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The trade battle with China keeps escalating. What’s at stake for the U.S.?

For months, the U.S. and China have traded tit-for-tat trade threats, but the battle between the world's two largest economies escalated to new levels Tuesday. Most recently, President Trump warned that he may impose tariffs on 90 percent of everything China exports to the U.S. Nick Schifrin examines the potential consequences with Edward Alden from the Council on Foreign Relations.

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  • Judy Woodruff:

    The trade battle between the U.S. and China, the world's two largest economies, is escalating to new levels today.

    President Trump has directed his administration to prepare major new tariffs on Chinese imports.

    Nick Schifrin looks at the potential consequences of this move, including how China may retaliate.

  • Nick Schifrin:

    For months, the U.S. and China have traded tit-for-tat trade threats, and they have escalated again in just the last few days.

    On Friday, President Trump authorized tariffs on $50 billion of Chinese goods, such as industrial machinery. Those are set to take effect next month.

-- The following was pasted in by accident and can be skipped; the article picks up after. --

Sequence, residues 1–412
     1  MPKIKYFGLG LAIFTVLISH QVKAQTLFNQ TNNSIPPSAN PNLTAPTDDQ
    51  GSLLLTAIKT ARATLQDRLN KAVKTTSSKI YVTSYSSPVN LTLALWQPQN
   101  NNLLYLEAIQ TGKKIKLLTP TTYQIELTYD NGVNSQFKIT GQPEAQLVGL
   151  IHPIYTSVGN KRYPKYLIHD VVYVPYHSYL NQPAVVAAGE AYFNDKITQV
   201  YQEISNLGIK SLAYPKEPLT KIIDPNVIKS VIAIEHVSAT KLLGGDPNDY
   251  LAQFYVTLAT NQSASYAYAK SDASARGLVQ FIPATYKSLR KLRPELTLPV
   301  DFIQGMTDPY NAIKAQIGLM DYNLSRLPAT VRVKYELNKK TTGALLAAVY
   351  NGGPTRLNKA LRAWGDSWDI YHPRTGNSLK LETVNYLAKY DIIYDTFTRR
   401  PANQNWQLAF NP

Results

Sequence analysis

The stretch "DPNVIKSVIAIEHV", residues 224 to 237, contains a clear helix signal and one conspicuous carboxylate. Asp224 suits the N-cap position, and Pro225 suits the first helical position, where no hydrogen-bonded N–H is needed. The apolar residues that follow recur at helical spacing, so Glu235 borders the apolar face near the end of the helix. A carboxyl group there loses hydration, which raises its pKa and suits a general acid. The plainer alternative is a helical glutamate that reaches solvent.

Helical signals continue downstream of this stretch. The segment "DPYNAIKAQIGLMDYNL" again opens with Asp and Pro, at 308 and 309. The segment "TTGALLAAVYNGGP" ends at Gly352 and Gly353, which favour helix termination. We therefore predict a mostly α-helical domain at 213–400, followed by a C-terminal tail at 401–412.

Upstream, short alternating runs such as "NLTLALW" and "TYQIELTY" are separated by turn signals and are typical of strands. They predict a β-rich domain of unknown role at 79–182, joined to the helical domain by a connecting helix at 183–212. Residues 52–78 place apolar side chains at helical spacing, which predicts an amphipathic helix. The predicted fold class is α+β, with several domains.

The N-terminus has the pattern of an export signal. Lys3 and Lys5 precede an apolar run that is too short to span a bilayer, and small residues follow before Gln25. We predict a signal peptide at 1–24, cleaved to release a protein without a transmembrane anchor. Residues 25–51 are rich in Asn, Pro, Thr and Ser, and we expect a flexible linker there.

In response, Chinese officials vowed to retaliate with their own $50 billion of tariffs on American goods, such as beef, cars, and soybeans. That response prompted President Trump to threaten an additional $200 billion of tariffs.

    And now the president is warning the U.S. may impose tariffs on a total of $450 billion of Chinese goods. That's 90 percent of everything China exports to the U.S., from electronics, clothing, toys, tools, you name it.

    Edward Alden watches all this closely for the Council on Foreign Relations, and joins me now.

    Edward Alden, thank you very much.

    The administration says that China is trying to maintain a permanent and unfair advantage. China protects its companies in many sectors, especially high-tech. China forces the U.S. to — U.S. companies to give some of its information to China.

    So, doesn't the administration have a point?

  • Edward Alden:

    Yes, no question.

    I mean, if you look at the document that the U.S. trade representative's office put together that is at the heart of this investigation, it makes a pretty much compelling case on all of these.

    U.S. companies that are trying to invest in China have to work with joint venture partners. They are often forced to transfer their best technologies to their partners. The Chinese use licensing and other regulatory discrimination to make it hard for U.S. companies to operate freely in the Chinese market. China has a very restrictive investment regime, which is intended to help its companies get the next leg up in terms of the technologies of the future.

  • Nick Schifrin:

    Is your notion, though, that the means by which the U.S. is addressing that is less effective than it could be?

  • Edward Alden:

    Oh, I think it's much less effective.

    I mean, the United States has spent the last 75 years building a system of global trade rules, culminating in the creation of the World Health Organization. There are a lot of tools available through the WTO that the U.S. hasn't used fully in trying to go after some of these Chinese practices.